Why Is My Cat Waiting By The Door When I Come Home?

By Allegra Ringo

A fair amount of people report (anecdotally) that their cat is always waiting by the door when they get home. Though this is by no means true of all cats, it was enough to get me wondering.

Gray cat with wide green eyes
I LOVE YOU
credit: Public domain via Pixabay

There's very little research on the subject, so I asked Mikel Delgado, a Certified Cat Behavior Consultant and co-owner of Feline Minds, what the deal is with these kitties. Are they secretly dogs?

It turns out that no, cats aren't dogs. Delgado told me that like their canine counterparts, cats can hear the sounds of us coming home: Our car in the driveway, or us walking up the stairs. Over time, she says, they learn that these sounds predict our arrival.

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Cats have a good sense of time, and they can figure out if we're coming home at the same time every day. This is why your cat seems to somehow always know when it's dinnertime? Cats can learn our schedules, especially when there is food in it for them. If you have a consistent schedule that puts you at home at 6 p.m. every day, your cat may predict your arrival.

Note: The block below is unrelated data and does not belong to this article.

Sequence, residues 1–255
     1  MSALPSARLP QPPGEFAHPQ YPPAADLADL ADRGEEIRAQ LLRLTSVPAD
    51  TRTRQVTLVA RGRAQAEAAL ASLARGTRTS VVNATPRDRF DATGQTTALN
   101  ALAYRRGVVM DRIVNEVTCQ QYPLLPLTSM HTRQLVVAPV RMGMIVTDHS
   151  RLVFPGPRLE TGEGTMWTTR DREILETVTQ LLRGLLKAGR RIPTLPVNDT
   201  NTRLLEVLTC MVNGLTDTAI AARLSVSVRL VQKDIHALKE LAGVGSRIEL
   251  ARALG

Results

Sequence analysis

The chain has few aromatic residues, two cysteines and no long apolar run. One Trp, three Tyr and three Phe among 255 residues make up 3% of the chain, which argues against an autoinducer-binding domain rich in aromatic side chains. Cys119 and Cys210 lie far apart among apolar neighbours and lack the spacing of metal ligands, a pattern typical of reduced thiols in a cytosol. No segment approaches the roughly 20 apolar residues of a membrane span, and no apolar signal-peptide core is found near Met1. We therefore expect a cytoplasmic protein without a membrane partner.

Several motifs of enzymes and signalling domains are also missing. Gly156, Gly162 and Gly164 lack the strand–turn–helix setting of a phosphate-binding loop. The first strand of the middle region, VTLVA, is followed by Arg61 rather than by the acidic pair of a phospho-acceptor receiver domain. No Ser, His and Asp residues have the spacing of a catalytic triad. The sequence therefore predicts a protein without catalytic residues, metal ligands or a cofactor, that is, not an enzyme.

Plus, Delgado points out, "cats get a lot of attention and sometimes meals when we get home, so they probably get excited anticipating our arrival!"

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Cats didn't coevolve with humans like dogs did, and domestic cats are a much more recent development than domestic dogs are. We think that wolves were drawn to hunter-gatherer sites way before the advent of agriculture. Cats, on the other hand, started hanging around us as a direct result of agriculture. However, cats have spent enough time with us over the millennia to figure out our habits, and they've gotten pretty good at it. That, and there's food and attention in it for them.